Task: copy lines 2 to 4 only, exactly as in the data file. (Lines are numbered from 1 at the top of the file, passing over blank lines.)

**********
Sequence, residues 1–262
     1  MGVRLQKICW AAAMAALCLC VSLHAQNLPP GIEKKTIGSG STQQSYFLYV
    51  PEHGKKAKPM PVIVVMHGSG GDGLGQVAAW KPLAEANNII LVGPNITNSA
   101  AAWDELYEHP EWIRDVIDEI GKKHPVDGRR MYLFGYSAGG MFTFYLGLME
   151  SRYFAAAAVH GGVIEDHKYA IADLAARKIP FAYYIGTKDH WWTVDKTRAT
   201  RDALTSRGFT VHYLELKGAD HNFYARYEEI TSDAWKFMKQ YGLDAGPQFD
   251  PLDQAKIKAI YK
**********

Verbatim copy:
     1  MGVRLQKICW AAAMAALCLC VSLHAQNLPP GIEKKTIGSG STQQSYFLYV
    51  PEHGKKAKPM PVIVVMHGSG GDGLGQVAAW KPLAEANNII LVGPNITNSA
   101  AAWDELYEHP EWIRDVIDEI GKKHPVDGRR MYLFGYSAGG MFTFYLGLME